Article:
[ https://issues.apache.org/jira/browse/SYSTEMML-2169?page=com.atlassian.jira.plugin.system.issuetabpanels:all-tabpanel ]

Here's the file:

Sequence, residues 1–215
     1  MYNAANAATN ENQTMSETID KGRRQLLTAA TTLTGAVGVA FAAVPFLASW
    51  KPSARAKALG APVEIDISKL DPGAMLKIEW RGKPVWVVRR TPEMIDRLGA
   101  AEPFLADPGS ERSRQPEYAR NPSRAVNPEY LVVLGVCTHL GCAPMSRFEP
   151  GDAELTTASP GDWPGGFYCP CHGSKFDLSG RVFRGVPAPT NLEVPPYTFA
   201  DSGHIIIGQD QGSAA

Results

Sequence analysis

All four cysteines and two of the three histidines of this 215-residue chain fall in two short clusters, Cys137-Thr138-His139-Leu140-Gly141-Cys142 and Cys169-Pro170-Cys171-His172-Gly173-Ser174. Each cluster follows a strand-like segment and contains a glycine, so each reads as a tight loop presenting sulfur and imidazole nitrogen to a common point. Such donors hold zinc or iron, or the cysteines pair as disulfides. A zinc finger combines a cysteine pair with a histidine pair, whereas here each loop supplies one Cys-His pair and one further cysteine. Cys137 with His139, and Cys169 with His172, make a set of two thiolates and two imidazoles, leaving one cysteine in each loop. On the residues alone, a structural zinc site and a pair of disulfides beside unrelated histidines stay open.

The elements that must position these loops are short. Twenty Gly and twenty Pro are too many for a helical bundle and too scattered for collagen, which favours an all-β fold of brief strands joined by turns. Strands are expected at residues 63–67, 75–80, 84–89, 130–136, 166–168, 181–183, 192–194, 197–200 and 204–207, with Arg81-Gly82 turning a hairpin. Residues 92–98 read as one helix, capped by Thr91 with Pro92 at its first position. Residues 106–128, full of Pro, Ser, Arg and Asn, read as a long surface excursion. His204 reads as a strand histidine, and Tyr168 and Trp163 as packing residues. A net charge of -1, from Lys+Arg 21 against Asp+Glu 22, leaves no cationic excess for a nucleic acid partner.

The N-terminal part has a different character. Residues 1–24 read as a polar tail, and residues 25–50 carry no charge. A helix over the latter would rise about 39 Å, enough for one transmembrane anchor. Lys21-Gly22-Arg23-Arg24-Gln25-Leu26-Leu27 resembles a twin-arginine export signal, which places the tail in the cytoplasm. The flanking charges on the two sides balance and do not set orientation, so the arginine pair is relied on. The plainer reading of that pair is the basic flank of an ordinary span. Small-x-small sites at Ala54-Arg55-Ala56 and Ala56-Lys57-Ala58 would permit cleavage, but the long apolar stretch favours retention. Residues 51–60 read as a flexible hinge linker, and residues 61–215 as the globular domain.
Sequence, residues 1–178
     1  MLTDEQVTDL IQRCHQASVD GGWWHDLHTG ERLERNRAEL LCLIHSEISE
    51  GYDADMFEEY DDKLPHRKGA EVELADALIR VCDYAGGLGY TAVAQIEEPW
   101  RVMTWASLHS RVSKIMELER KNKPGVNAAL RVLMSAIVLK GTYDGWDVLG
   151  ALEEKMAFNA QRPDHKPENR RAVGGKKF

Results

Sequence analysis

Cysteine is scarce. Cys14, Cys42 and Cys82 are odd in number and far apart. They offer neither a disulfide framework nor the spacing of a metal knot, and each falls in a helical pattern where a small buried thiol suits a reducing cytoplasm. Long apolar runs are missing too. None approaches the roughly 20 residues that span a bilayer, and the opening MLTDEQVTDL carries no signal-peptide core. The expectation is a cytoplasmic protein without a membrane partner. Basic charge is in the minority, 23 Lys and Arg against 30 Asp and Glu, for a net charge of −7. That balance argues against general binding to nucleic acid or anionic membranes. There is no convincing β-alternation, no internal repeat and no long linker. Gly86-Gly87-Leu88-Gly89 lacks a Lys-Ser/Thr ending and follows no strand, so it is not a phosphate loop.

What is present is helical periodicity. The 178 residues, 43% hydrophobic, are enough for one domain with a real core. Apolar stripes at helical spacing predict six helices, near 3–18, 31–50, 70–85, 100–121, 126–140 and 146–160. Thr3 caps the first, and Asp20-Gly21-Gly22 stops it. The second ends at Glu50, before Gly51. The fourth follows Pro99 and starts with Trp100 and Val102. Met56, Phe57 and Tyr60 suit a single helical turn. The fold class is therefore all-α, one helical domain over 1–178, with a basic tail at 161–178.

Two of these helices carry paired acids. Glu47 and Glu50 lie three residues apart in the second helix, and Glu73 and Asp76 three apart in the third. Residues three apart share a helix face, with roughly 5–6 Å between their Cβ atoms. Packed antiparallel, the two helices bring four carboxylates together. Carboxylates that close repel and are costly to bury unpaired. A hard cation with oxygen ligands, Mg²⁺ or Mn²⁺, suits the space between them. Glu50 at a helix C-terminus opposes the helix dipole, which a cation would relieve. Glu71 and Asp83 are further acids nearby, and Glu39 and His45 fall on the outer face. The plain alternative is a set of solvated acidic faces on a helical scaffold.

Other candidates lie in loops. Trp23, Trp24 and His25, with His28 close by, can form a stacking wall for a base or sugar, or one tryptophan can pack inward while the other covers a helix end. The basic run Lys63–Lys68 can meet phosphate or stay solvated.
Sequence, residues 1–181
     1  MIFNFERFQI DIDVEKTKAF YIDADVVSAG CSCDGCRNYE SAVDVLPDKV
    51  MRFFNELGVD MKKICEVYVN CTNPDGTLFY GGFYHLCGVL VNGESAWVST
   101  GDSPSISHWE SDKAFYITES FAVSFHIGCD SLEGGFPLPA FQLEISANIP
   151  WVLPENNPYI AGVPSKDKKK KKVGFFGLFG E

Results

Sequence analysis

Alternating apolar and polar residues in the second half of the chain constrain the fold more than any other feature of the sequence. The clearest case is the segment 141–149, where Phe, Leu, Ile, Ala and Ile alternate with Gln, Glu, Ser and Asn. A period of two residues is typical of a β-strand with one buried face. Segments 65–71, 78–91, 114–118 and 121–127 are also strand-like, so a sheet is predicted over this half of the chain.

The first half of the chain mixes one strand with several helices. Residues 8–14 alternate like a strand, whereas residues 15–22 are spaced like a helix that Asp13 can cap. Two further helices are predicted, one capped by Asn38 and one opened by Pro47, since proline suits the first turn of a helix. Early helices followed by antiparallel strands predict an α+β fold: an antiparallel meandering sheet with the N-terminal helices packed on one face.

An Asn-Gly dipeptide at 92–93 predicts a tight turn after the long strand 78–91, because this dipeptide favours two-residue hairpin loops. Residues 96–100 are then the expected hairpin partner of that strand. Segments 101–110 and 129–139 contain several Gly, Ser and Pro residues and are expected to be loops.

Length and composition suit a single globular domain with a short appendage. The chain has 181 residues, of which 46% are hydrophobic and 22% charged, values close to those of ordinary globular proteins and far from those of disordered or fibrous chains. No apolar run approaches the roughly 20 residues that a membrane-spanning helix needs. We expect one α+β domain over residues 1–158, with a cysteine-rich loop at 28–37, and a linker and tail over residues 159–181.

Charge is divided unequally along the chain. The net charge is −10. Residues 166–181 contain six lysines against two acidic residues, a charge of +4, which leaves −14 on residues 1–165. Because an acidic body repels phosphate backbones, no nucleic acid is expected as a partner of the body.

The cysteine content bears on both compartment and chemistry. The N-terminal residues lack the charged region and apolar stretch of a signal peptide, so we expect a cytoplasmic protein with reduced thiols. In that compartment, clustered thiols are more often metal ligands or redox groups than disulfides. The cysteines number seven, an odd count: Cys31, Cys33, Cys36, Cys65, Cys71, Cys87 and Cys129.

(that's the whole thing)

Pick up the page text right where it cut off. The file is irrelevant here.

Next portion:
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Matthias Boehm updated SYSTEMML-2169: ------------------------------------- Description: The introduction of nary cbind and rbinds in SYSTEMML-1986 added support for operations like {{E = cbind(A,B,C,D)}} which concatenates the matrices A, B, C, D column-wise without the need for intermediates as requires by traditional binary cbind operations ({{cbind(cbind(cbind(A,B),C),D)}}). SystemML also provides rewrites to automatically collapse chains of cbind or rbind operations into their nary counter-parts. However, for distributed spark operations, the binary cbind is still much better optimized than the nary operation, which only provides a general case operation based on repartition joins. This tasks aims to address this by extending {{BuiltinNarySPInstruction}} at runtime level (i.e., within {{processInstruction}}). Given the unlimited number of inputs, this runtime approach seems more appropriate than dedicated physical operators at compiler level. In detail, we need to evaluate if a subset of input fits into the broadcast budget, and if so provide alternative code path for nary cbind/rbind operations with broadcast joins. Note that distributed codegen operations have a similar characteristics of unlimited inputs and already leverage broadcast variables when possible. Hence, we can probably use a similar approach as done in {{SpoofSPInstruction}}. was: The introduction of nary cbind and rbinds in SYSTEMML-1986 added support for operations like {{E = cbind(A,B,C,D)}} which concatenates the matrices A, B, C, D column-wise without the need for intermediates as requires by traditional binary cbind operations ({{cbind(cbind(cbind(A,B),C),D)}}). SystemML also provides rewrites to automatically collapse chains of cbind or rbind operations into their nary counter-parts. However, for distributed spark operations, the binary cbind is still much better optimized than the nary operation, which only provides a general case operation based on repartition joins. This tasks aims to address this by extending {{BuiltinNarySPInstruction}} at runtime level (i.e., within {{processInstruction}}). Given the unlimited number of inputs, this runtime approach seems more appropriate than dedicated physical operations at compiler level. In detail, we need to evaluate if a subset of input fits into the broadcast budget, and if so provide alternative code path for nary cbind/rbind operations with broadcast joins. Note that distributed codegen operations have a similar characteristics of unlimited inputs and already leverage broadcast variables when possible. Hence, we can probably use a similar approach as done in {{SpoofSPInstruction}}. > Spark nary cbind/rbind with broadcasts > -------------------------------------- > > Key: SYSTEMML-2169 > URL: https://issues.apache.org/jira/browse/SYSTEMML-2169 > Project: SystemML > Issue Type: Task > Reporter: Matthias Boehm > Priority: Major > Labels: beginner > > The introduction of nary cbind and rbinds in SYSTEMML-1986 added support for > operations like {{E = cbind(A,B,C,D)}} which concatenates the matrices A, B, > C, D column-wise without the need for intermediates as requires by > traditional binary cbind operations ({{cbind(cbind(cbind(A,B),C),D)}}). > SystemML also provides rewrites to automatically collapse chains of cbind or > rbind operations into their nary counter-parts. > However, for distributed spark operations, the binary cbind is still much > better optimized than the nary operation, which only provides a general case > operation based on repartition joins. > This tasks aims to address this by extending {{BuiltinNarySPInstruction}} at > runtime level (i.e., within {{processInstruction}}). Given the unlimited > number of inputs, this runtime approach seems more appropriate than dedicated > physical operators at compiler level. In detail, we need to evaluate if a > subset of input fits into the broadcast budget, and if so provide alternative > code path for nary cbind/rbind operations with broadcast joins. > Note that distributed codegen operations have a similar characteristics of > unlimited inputs and already leverage broadcast variables when possible. > Hence, we can probably use a similar approach as done in > {{SpoofSPInstruction}}. -- This message was sent by Atlassian JIRA (v7.6.3#76005)